USA job growth came in below expectations in May, with employers adding just 138,000 jobs while the unemployment rate fell to 4.3 percent, the lowest it has been in more than 16 years, federal economists reported Friday morning.
USA job growth continued in May with unemployment hitting its lowest level in 16 years, likely paving the way for the Federal Reserve to hike interest rates again in a couple of weeks.
The labor force participation rate declined by 0.2 percentage point to 62.7 percent in May, but the government said it has shown no clear trend during the past 12 months.
Average hourly earnings, a closely-watched metric, rose 0.2% during the month, as expected, putting year-over-year wage gains at 2.5%. March's was revised to 50,000 from 79,000, and April's to 174,000 from 211,000.
While the number of new jobs created in May was below the 180,000 that economists had been expecting, the United States has now added jobs for 80 consecutive months. Employers have added more than 2 million jobs in the past year, and a month or two of slow growth isn't unusual.
Employment in other major industries, including construction, manufacturing, wholesale trade, retail trade, transportation and warehousing, information, financial activities, and government, showed little change over the month. Payroll processor ADP estimated that businesses added 253,000 jobs last month. Economists surveyed by Bloomberg expect an increase of 180,000 in non-farm payrolls.
The overall participation in the labor force has trudged along below 63 percent during the recovery, down from over 66 percent before the recession. The White House is preparing for a fight over raising the federal debt limit and approving government funding that, if not resolved, could rock the USA economy and global stock markets and cause the Fed to put its plans on hold.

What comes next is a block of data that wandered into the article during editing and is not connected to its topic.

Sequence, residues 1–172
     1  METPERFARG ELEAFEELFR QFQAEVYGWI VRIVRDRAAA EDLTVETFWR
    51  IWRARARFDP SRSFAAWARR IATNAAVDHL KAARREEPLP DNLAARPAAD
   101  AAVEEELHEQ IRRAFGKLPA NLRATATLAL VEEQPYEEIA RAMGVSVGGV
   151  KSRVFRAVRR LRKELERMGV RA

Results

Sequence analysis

Duncan said the unemployment rate dropped to the lowest it has been in 16 years. Data on consumer spending and manufacturing suggest the economy gained speed early in the second quarter after gross domestic product increased at a tepid 1.2 percent annualized rate at the start of the year.
"There is not going to be a big turnaround in wage growth until productivity picks up", said Andrew Chamberlain, chief economist at the jobs site Glassdoor.
Still, the middling job growth will likely still be enough to prompt the Federal Reserve to raise interest rates when the Board of Governors meets later this month. Hospitals added 7,000 jobs over the month, and employment in ambulatory health care services continued to trend up (+13,000). That figure was above economists' expectations, due in part to a strong showing from the professional services, education and health, and construction sectors. As of Friday morning, traders saw a 93.5 percent chance of a rate hike.
"Firms are adding workers, creating new positions and increasing compensation to attract better applicants and keep their best performers", said NFIB Chief Economist William C. Dunkelberg. It would mark the first time the Fed raised the rate twice in a calendar year since 2006.